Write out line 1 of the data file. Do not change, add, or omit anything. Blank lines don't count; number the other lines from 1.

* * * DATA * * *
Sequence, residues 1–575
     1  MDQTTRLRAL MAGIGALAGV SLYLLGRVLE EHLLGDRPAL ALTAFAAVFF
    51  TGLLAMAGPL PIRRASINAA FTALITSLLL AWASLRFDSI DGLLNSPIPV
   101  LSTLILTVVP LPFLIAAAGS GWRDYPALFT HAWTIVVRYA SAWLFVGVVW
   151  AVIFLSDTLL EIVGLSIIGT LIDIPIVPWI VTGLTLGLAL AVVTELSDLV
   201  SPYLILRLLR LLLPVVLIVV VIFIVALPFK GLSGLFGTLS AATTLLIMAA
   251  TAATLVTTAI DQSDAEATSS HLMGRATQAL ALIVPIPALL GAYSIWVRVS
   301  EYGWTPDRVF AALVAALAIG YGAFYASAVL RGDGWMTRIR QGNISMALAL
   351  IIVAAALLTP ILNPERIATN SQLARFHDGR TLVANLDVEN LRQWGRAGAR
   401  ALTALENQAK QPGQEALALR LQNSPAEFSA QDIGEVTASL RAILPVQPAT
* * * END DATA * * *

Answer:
Sequence, residues 1–575